Lekki Port has been developed, as the first ocean port in Nigeria. Currently, it doubles the capacity of Nigeria’s maritime sector. Lekki port will not only be the gateway for Nigeria, but also it will position Nigeria as a transshipment hub. It will be interesting to note that 90 per cent of the cargoes, which come to ports like Cotonou and Lome ultimately end up in Nigeria. Our belief is that Lekki Port will change all of that.

These cargoes will not only terminate at Lekki Port but also, the cargoes meant for Lome, Cotonou and Accra will be transshipped through Lekki Port. Lekki Port comes in on the back of the free zone, which is well integrated. It creates a port and zone industrial and logistics ecosystem, which is unparalleled in Nigeria. And with the continental free trade agreement, which is in the works once the rules, regulations and procedures are clearly laid out, the port and the free zone can leverage the continental free trade agreement to not only be a hub for Nigeria but also be a pan-African industrial and logistics hub.

In your experience as the Managing Director of the Lagos Free Zone, what are the specific challenges that the Lagos Free Zone has encountered?

The first challenge has been the slowdown of the economy, which is impacting many things. There are inflationary pressures and the input costs for developing and growing our zone have increased. It has also slowed down investments, which are being planned by operators in Nigeria. However, we firmly believe that these are transitory and cyclical in nature and ultimately, a zone and a port ecosystem will help Nigeria come out of this.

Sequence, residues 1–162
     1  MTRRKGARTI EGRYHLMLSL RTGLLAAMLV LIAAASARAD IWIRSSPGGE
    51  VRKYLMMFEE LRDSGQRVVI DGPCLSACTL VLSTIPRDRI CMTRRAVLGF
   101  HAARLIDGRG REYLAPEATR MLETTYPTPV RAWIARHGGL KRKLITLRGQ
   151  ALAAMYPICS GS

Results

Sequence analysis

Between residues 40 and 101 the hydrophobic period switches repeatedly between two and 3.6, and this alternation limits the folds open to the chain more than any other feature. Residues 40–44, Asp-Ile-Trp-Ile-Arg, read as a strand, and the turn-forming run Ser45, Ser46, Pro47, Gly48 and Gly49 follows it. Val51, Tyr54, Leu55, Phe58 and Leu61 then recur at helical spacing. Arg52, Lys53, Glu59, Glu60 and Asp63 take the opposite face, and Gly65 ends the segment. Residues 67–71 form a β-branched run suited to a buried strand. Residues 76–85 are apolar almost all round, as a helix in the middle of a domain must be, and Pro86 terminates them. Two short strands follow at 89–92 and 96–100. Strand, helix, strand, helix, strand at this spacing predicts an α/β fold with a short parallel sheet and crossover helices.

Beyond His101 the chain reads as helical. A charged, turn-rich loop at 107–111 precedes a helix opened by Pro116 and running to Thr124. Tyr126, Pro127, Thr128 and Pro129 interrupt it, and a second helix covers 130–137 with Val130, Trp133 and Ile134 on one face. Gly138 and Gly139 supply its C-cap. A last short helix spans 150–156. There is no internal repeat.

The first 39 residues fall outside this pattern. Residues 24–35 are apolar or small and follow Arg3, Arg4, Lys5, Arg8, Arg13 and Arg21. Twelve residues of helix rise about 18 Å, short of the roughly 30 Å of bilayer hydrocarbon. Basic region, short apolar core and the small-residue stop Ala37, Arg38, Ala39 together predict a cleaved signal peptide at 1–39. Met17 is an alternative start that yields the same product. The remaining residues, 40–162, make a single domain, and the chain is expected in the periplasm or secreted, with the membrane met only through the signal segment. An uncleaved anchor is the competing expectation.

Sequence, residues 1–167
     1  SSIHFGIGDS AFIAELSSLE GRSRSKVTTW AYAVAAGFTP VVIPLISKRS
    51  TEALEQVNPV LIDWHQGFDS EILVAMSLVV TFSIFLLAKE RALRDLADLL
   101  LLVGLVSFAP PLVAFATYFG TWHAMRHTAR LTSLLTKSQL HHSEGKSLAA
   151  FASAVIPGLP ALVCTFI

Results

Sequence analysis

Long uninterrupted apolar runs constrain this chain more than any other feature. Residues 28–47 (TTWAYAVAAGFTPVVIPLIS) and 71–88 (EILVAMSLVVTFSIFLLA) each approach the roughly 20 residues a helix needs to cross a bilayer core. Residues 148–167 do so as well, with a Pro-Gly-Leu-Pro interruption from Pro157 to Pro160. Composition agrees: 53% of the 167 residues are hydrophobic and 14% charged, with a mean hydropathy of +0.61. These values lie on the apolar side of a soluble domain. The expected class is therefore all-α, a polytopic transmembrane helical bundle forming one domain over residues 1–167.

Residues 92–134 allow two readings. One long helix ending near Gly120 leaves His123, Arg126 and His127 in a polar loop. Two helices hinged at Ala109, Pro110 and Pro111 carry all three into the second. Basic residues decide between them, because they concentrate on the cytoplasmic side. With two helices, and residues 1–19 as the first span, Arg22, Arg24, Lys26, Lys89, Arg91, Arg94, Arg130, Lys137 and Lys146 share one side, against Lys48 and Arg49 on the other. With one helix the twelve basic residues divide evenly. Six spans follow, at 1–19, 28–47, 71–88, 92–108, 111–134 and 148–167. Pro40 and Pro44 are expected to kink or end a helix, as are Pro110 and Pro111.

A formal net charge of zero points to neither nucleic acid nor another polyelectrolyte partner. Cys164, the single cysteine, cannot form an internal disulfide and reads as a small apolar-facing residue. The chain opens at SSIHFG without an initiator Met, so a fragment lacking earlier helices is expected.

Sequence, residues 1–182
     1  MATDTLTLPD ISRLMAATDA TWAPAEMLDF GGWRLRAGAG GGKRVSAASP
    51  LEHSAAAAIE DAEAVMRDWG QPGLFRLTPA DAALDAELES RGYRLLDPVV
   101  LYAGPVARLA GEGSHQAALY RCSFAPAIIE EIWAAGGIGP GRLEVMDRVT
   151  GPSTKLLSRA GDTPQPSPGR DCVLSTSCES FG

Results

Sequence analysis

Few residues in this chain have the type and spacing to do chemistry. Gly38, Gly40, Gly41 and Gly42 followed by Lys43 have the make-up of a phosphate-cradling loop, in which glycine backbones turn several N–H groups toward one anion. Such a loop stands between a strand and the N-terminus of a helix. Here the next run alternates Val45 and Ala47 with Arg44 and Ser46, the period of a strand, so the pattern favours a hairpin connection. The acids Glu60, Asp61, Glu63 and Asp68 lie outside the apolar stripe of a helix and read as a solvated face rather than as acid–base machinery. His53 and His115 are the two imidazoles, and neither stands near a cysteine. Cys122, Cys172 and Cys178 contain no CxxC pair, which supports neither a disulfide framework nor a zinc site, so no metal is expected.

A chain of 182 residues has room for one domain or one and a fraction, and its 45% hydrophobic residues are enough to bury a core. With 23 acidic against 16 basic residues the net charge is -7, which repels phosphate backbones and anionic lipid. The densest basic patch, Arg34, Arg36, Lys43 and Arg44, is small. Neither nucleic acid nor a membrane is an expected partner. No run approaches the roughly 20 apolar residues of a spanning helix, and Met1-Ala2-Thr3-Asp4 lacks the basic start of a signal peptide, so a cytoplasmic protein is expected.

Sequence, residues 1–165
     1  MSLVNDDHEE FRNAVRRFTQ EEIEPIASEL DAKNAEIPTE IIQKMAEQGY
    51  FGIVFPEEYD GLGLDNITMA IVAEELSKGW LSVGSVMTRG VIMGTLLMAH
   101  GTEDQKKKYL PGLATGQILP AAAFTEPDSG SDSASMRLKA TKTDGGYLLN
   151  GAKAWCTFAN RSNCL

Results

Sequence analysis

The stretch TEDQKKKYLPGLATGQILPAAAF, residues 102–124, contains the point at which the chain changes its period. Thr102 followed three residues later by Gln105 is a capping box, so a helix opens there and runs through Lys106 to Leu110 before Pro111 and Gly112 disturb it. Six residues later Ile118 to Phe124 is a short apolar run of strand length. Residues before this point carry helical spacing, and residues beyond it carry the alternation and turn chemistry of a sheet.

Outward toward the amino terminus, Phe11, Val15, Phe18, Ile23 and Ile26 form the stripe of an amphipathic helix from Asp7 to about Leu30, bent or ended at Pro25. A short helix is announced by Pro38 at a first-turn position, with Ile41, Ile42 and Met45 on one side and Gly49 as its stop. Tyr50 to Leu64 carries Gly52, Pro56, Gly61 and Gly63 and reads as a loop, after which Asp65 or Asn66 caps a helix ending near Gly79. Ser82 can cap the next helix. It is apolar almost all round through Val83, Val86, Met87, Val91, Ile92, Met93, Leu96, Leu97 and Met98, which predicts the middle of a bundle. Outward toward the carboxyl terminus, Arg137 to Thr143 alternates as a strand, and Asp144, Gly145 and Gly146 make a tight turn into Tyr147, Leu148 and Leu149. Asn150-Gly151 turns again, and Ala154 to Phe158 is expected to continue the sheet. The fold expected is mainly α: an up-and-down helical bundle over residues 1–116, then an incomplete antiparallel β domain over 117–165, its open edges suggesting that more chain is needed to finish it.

The second challenge has been the road network. Here, I must thank the Lagos State Government and the Federal Government for their understanding and support in infrastructure development in the Ibeju-Lekki axis. However, given the kind of economic development which is happening in the region, I think there are more efforts needed to fast track some of these road infrastructure developments. Regardless of these, the drive for long-term investments is very encouraging. The port, which is a key catalyst for driving new investments in the zone, is already operational.